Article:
Dyeing Dino Eggs

Dye your own eggs, dinosaur style!

4 speckled eggs on a table surrounded by spinach, nuts, and cabbage

suggested for elementary school (with parent help)

By Emily Baker and Taylor Stephens

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Eggs can come in a variety of colors, shapes and sizes...but have you ever wondered what color a dinosaur egg was? Thanks to some special tools, paleontologists have a good idea about what different dinosaur eggs looked like back in the Mesozoic Era. Theropod eggshells could be various shades of blue-green and some (like Deinonychus eggs) even had red-brown speckles on them! Since mother theropods left their nests open and uncovered, how do you think speckles might help the baby dinos inside those eggs?

Using what paleontologists have discovered, we’ll help you to make some dinosaur eggs of your own at home for your breakfast table!

To Make Your Own Deinonychus Eggs

Ingredients and Tools

  • hard-boiled eggs*

  • 1 red cabbage + 1 bunch spinach + 4 Tbsp ground coffee (or Nutella in a pinch)

    • OR food-safe food coloring

  • 1 quart of water + 1 quart water + 2 cups of water

  • 2 Tbsp + 2 Tbsp white vinegar

  • 2 Large bowls

  • Tongs or large spoons

  • Paintbrush

    • OR ½ cup of rice, beans, lentils, peanuts (any dry pantry good)


Natural Dye

A bowl of hard boiled eggs
  1. If making your own natural dye, simmer the sliced cabbage in 1 quart of water & 2 Tbsp vinegar for 30 minutes; let the mixture cool and strain out the cabbage.  Do the same for the spinach in a separate pot.
    Sliced cabbage in a pot
  2. Set your hard boiled eggs into the room-temperature cabbage dye for 90 minutes, stirring frequently for even color. They’ll look blue instead of purple and they’ll get darker blue as they dry!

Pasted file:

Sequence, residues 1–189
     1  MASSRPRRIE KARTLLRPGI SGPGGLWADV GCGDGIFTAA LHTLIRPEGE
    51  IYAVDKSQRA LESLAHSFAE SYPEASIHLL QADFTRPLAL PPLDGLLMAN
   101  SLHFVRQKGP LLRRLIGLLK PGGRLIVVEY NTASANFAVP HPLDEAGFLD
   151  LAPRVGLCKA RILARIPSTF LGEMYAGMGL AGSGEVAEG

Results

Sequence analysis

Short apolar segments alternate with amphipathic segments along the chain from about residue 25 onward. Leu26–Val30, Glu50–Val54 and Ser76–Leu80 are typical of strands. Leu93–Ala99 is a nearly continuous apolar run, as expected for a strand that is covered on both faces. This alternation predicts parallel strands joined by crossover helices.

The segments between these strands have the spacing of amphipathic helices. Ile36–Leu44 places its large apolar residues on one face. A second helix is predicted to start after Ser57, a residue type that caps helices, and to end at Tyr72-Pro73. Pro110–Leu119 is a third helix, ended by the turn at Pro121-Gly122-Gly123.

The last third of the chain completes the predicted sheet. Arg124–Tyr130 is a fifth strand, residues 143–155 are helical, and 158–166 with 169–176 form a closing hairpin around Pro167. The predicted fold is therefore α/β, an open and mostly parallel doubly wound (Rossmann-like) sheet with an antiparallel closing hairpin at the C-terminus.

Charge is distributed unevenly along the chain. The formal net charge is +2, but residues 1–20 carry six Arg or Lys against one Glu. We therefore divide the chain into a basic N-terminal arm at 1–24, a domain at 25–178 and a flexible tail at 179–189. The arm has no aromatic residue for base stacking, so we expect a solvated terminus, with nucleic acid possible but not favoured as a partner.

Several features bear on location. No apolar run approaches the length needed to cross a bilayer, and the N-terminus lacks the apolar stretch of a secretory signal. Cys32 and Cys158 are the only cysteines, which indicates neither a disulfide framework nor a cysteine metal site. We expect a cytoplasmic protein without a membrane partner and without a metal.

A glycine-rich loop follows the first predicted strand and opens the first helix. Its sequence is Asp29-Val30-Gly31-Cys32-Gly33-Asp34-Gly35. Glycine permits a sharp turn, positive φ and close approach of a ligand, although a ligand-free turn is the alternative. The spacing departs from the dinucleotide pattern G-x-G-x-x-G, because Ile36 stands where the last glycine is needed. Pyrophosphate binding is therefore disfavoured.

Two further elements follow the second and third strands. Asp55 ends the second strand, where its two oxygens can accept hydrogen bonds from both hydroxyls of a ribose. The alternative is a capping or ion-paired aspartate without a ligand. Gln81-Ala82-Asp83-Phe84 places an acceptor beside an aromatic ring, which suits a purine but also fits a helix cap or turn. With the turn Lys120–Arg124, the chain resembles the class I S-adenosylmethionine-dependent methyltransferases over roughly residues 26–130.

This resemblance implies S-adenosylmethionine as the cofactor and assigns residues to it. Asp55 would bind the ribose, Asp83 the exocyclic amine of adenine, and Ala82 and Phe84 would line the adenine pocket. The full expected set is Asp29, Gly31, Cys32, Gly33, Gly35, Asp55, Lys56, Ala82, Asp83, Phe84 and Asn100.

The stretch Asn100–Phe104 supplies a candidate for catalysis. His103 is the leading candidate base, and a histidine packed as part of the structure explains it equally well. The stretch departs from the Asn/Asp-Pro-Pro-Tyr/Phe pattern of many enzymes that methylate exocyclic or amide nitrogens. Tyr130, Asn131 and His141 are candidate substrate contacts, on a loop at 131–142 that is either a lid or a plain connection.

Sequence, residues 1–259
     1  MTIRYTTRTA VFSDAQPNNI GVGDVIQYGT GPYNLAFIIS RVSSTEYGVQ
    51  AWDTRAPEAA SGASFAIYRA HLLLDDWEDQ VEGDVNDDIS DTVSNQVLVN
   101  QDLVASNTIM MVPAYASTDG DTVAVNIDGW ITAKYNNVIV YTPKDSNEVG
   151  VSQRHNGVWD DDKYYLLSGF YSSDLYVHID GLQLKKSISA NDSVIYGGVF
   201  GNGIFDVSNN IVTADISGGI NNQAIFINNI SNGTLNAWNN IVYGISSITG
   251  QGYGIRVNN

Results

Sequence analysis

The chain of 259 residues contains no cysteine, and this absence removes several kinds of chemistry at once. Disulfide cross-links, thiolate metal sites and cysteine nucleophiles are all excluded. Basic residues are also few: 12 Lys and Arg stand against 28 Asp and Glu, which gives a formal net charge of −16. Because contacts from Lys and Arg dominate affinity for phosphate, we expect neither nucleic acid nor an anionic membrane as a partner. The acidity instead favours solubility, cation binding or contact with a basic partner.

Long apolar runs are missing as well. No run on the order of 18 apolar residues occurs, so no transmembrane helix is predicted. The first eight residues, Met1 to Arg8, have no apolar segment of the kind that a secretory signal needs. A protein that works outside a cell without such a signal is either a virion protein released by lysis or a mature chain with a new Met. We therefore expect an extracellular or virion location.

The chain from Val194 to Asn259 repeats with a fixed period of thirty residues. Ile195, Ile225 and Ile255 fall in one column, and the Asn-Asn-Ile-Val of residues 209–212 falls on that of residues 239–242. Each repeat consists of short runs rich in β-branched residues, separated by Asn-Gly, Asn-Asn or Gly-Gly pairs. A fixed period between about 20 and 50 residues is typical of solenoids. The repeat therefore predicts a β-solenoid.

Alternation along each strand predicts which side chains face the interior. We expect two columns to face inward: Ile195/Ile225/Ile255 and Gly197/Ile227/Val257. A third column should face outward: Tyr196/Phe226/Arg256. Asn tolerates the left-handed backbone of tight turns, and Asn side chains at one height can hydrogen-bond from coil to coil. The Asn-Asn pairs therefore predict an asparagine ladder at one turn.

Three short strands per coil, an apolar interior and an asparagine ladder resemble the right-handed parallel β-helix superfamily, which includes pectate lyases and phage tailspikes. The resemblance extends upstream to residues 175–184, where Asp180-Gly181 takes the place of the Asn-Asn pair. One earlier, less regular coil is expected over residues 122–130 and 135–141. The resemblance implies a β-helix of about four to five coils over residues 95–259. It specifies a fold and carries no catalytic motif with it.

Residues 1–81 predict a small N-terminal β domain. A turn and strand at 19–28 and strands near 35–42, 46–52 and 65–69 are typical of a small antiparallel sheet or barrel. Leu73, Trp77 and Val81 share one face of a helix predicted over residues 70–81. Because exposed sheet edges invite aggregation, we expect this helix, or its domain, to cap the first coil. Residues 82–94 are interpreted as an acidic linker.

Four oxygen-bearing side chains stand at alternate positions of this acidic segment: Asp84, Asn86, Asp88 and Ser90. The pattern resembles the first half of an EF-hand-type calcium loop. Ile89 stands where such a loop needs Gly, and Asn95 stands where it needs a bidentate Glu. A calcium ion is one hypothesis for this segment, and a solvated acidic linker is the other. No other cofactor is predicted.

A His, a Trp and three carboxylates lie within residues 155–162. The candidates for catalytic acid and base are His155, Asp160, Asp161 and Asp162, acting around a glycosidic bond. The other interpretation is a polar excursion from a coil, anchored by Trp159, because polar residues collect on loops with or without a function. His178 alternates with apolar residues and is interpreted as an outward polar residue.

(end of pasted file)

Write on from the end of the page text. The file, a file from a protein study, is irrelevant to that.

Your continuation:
hard boiled eggs being dyed in cabbage coloring
  3. Dip cabbage-dyed eggs for 30 minutes into spinach mixture until you have a blue-green shade. If you have some around, add a tablespoon of turmeric to the spinach dye to make it brighter.
    hard boiled eggs being dyed in spinach coloring
  4. Mix 2 cups of water with 4 Tbsp ground coffee and boil it down until it’s syrupy in consistency.  (If you don’t have coffee, mixing some Nutella with water will also work!). 

    bowl of coffee with three blue eggs next to it
  5. Let the eggs dry, with the eggs touching as little as possible so the color remains even.
    two eggs, one green one blue drying on a table cloth
  6. When ready to add the speckles, take a paint brush and splatter the coffee onto the eggs by flicking the brush towards the eggs and let dry.  Alternatively, pour a little of the coffee into a cup full of the pantry item of your choice and shake it up until the beans/rice/etc are coated in color.  Drop one egg in at a time and give the cup a few shakes—you’ll see speckles start to appear as the colored beans touch the egg!

small brush used to splatter coffee on eggs
Eggs speckled using beans and coffee

If using food dye, adding vinegar to your water mixture, will still help the dye stick to the eggs. Use the above instructions but substitute natural dyes with the following: For blue-green eggs add 4 drops of blue dye and 3 drops of green dye to the vinegar water and dye the eggs for 5 minutes.  Just use 1 Tbsp of water and 2 drops of red + 1 drop of green dye for the speckles in step 6.

egg dyed with blue and green food coloring

VOILA! Your very own dino eggs! 

dyed and speckled eggs look like dino eggs

*If you want your eggs to last longer, instead of using hard-boiled eggs, dye raw eggs and let them dry, then use a needle to punch a small hole in the bottom and let the raw egg run out (use them for baking or scrambled eggs!) Natural dyes will fade over time, so you can also put clear varnish on an emptied, dyed egg shell to preserve your “dino egg” for even longer.